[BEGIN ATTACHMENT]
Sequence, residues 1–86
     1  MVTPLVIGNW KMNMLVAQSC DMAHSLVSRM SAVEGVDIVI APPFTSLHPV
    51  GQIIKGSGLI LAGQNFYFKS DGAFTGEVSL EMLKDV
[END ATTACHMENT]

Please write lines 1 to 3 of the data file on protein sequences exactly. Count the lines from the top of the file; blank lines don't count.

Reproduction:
Sequence, residues 1–86
     1  MVTPLVIGNW KMNMLVAQSC DMAHSLVSRM SAVEGVDIVI APPFTSLHPV
    51  GQIIKGSGLI LAGQNFYFKS DGAFTGEVSL EMLKDV